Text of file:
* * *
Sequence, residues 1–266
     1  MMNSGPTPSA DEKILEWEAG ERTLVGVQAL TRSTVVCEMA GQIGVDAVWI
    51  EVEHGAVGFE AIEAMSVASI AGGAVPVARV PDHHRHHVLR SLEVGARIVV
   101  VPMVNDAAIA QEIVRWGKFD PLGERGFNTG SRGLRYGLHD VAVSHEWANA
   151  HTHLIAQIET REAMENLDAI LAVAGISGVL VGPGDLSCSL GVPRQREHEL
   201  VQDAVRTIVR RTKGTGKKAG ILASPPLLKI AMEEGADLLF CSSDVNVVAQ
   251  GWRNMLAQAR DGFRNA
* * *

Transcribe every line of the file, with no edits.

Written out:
Sequence, residues 1–266
     1  MMNSGPTPSA DEKILEWEAG ERTLVGVQAL TRSTVVCEMA GQIGVDAVWI
    51  EVEHGAVGFE AIEAMSVASI AGGAVPVARV PDHHRHHVLR SLEVGARIVV
   101  VPMVNDAAIA QEIVRWGKFD PLGERGFNTG SRGLRYGLHD VAVSHEWANA
   151  HTHLIAQIET REAMENLDAI LAVAGISGVL VGPGDLSCSL GVPRQREHEL
   201  VQDAVRTIVR RTKGTGKKAG ILASPPLLKI AMEEGADLLF CSSDVNVVAQ
   251  GWRNMLAQAR DGFRNA